A Stockholm suburb is being terrorized by a teenage gang's calculated reign of firebombings and burglaries. After a beaten female cop is left to die in the trunk of an abandoned car, DCI Ewert Grens will break all the rules in his effort to nab the perpetrators.
The crime wave, which has residents locking themselves in at night, is being directed from inside a maximum security prison by 18-year-old Leon. He's having his "blood brother" Gabriel's girlfriend, Wanda, regularly smuggle in pills as a mule. The gang, dubbed the Ghetto Soldiers, has no reservations about recruiting 12-year-olds to do its grunt work. Their intense hatred for authority is fueled by the violent mistreatment of their mothers by their fathers, but the moms don't catch much of a break either. Down-in-his-cups Grens, who's not unlike Henning Mankell's Wallander, is haunted by an incident from 20 years ago involving someone connected to one of the teen felons. When Wanda becomes pregnant, the story takes a different turn and Grens' past begins catching up to him. This book is no short haul, containing more than 600 pages of terse narrative and circular digressions. But while the seasoned team of Roslund & Hellstrom (Cell 8, 2011, etc.) is a bit facile in its blueprinting of plot, which involves a perfectly timed string of prison breaks, the authors are great at getting inside the heads of the young criminals. The austerity of their style also gains in existential power as you get into the heart of the story.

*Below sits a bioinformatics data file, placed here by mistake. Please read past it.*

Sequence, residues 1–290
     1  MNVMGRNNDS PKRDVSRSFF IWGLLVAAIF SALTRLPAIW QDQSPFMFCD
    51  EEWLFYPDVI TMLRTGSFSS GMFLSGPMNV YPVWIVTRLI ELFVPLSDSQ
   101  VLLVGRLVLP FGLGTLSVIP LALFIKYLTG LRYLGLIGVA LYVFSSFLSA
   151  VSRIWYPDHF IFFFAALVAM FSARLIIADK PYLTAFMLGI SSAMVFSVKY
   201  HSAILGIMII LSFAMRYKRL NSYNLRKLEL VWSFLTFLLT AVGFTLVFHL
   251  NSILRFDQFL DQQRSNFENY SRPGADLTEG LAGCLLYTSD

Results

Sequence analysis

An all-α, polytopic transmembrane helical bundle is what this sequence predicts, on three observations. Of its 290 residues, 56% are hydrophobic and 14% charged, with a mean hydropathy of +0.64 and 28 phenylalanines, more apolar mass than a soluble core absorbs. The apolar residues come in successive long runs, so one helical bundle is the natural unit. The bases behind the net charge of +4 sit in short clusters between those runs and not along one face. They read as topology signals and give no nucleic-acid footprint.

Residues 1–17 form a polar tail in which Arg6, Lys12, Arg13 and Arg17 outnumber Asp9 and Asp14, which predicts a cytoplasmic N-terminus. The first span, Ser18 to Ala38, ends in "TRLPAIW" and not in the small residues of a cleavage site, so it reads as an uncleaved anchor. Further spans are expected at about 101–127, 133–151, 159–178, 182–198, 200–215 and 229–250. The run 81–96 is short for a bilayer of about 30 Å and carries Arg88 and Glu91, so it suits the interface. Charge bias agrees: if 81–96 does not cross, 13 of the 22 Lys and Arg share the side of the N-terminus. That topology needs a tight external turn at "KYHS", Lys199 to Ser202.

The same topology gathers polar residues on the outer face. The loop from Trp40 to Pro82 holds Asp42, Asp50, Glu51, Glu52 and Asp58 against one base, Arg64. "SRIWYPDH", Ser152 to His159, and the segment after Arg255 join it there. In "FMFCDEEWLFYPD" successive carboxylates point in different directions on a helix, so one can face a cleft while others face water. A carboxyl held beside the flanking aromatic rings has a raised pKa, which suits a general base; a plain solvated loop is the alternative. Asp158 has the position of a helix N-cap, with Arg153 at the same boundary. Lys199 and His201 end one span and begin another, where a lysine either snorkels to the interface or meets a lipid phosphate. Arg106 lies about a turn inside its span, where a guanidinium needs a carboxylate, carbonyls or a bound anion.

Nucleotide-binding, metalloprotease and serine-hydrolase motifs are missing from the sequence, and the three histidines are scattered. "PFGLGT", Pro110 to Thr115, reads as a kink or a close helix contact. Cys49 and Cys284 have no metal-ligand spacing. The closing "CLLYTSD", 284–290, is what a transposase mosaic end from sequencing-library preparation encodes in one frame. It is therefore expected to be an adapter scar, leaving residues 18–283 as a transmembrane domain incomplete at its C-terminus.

A bleak but gripping tale of a teen gang running amok.